Last updated on June 24th, 2023 at 02:49 pm
My name is Frank and I run a travel agency in Bogota, Colombia. Have fun while reading!
At the end of this guide you will find a list of many other helpful Colombia travel guides.
La Guajira is the northernmost department of Colombia and also the northernmost region of the whole South American continent. The region is very diverse and the area is partly a desert. La Guajira is one of the poorest regions in Colombia, with one of the highest rates of corruption.
Many will have heard of Palomino already. This place does not belong to the area of Santa Marta, but already to La Guajira. Part of the Sierra Nevada de Santa Marta is also part of the department, which also borders Venezuela and Cesar.
The capital of La Guajira is Riohacha. On the territory live not only the indigenous peoples of the Sierra Nevada de Santa Marta but also the Wayuu, which form the largest population group after the mestizos. The Wayuu people populate the whole of the desert region and move freely between countries as dual citizens of Colombia and Venezuela, as the territory is assigned to the indigenous people across borders. Many Wayuu also do not speak Spanish.
If you are surprised that there are few or no petrol stations, in La Guajira petrol from Venezuela is sold at low prices on the roadside. One tank (80 liters) cost me the last time around USD 10.–.
Activities and sights in La Guajira
This is probably the most popular and most visited destination in La Guajira by foreign tourists. Palomino is a kind of hippie village, which has grown immensely in recent years.
It is also said that Palomino is the new Taganga and has immediately taken over all the problems. Here we talk about drugs, prostitution and sex with minors. Whether the young Israelis, who are blamed for many of the problems in Taganga, could also extend their influence to Palomino, I do not know.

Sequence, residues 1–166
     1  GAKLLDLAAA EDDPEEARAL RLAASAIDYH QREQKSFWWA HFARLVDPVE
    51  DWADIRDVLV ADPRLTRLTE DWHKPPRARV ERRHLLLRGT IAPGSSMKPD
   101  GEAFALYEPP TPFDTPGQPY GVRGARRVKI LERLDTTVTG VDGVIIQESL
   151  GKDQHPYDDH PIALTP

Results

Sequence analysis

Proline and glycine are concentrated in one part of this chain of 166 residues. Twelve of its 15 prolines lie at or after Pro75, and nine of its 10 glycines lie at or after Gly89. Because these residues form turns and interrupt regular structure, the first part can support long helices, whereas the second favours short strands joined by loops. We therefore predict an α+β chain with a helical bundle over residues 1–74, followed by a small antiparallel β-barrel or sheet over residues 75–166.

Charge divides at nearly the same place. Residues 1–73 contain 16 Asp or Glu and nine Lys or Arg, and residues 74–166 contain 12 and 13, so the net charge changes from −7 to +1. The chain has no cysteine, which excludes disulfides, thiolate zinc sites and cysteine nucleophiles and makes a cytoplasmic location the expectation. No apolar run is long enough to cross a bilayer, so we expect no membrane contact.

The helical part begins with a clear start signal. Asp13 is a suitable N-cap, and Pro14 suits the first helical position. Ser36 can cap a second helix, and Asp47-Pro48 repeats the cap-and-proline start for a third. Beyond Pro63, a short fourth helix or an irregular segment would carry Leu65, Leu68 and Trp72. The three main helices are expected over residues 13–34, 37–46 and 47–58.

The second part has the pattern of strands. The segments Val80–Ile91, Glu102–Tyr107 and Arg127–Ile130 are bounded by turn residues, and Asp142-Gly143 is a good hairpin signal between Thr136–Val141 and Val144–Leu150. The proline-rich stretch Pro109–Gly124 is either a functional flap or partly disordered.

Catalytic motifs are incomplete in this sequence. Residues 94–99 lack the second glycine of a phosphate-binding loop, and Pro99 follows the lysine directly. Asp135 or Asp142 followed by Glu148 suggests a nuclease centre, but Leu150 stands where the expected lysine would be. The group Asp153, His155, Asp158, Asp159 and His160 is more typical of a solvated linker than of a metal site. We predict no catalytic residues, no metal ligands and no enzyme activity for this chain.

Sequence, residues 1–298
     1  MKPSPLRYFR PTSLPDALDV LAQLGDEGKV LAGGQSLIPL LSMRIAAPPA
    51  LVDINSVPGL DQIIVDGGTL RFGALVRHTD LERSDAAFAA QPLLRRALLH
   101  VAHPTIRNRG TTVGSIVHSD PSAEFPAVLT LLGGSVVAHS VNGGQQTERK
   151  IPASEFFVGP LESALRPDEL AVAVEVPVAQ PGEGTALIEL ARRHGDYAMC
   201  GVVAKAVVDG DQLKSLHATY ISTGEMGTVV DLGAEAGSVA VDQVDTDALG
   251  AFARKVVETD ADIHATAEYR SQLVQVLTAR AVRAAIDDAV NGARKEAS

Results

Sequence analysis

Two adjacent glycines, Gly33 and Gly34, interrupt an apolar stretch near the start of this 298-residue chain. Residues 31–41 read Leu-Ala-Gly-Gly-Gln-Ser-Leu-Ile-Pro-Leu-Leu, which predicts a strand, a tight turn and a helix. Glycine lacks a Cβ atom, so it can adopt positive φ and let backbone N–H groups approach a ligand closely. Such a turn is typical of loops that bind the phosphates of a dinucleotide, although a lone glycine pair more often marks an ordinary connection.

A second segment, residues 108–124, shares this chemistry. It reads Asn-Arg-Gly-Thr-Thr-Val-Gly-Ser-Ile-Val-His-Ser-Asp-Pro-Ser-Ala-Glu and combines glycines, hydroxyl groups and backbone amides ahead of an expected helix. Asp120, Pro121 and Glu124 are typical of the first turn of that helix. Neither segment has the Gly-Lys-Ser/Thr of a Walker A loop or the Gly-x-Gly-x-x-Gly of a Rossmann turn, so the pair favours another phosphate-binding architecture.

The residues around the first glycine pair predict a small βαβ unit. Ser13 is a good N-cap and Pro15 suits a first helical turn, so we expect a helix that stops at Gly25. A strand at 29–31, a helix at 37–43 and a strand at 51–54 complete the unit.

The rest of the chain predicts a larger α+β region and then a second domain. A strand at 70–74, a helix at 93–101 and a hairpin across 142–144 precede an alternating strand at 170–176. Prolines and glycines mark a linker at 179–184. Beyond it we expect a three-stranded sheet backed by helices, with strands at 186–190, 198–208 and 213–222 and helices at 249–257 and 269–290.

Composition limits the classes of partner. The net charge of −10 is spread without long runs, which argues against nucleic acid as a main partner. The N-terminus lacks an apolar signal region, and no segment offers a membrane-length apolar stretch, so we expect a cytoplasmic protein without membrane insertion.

Anyway, anyone arriving in Palomino will be shocked at first. The ugly, dusty country road that runs through Palomino does not seem very inviting. The dusty unpaved roads, which open up the village beyond the main road, turn after rain into waterholes with some way in between.
Behind the ugly facades, however, there are neat hotels and hostels, which offer something for almost everyone with diverse and sometimes very funny concepts. Outside of Palomino, and up in the hills, there are also some real gems. Within the village, you will find yoga, vegan food, very good seafood and all kinds of activities for an alternative lifestyle. Palomino has a long beach that stretches almost the entire coast. Due to the currents and the waves, however, it is not the ideal beach for swimming.
If you are bored in the village, you can look around the Sierra Nevada and you will not be disappointed.
Tubing on the Palomino river:
Put on sufficient sun protection! I caught the sunburn of my life there and then had two days of fever. Wheels and transport are available in Palomino on every corner.
Wildlife Viewing in the Sierra Nevada:
The Sierra Nevada is bursting with life! Best ask at the hostel for a guide or tour.
Not the ideal beach, but still suitable to pass comfortably under a palm tree the day.
The area is very good for hiking. Best ask at the hostel for a guide or tour. It is not recommended to explore the Sierra Nevada on your own. Armed persons guard the drug cultivation there.
You always wanted to ride on the beach? Best ask at the hostel for a guide or tour.
Although not in the area of La Guajira, it is situated in the immediate vicinity of Palomino. Here you can learn all about the indigenous cultures of the Sierra Nevada and finally tube down the river. There I learned for the first time that a howling monkey can reach the volume of a starting jet fighter, impressively!
Riohacha is the capital of the department La Guajira. With a population of around 150,000, it is a small town. The temperature is hot during the day, up to 40 ° Celsius, but it cools down in the evening. Impressive is the beach promenade, which is lined with many indigenous beach vendors. You get the handmade bags, hammocks and jewels of the Wayuu. Although I attribute Riohacha a huge future tourist potential, this development will probably take decades.
Looking down from the terrace of Hotel Taroa, you can see that the existing infrastructure is perfect for tourism. Unfortunately, there is still a lack of appropriate accommodation, but gastronomically, there is a positive development.
The security situation in Riohacha is not safe. If possible, you should not be strolling around the city and especially in the evening don’t walk, use a taxi. However, strolling along the beach promenade during the day and in the evening should be fine.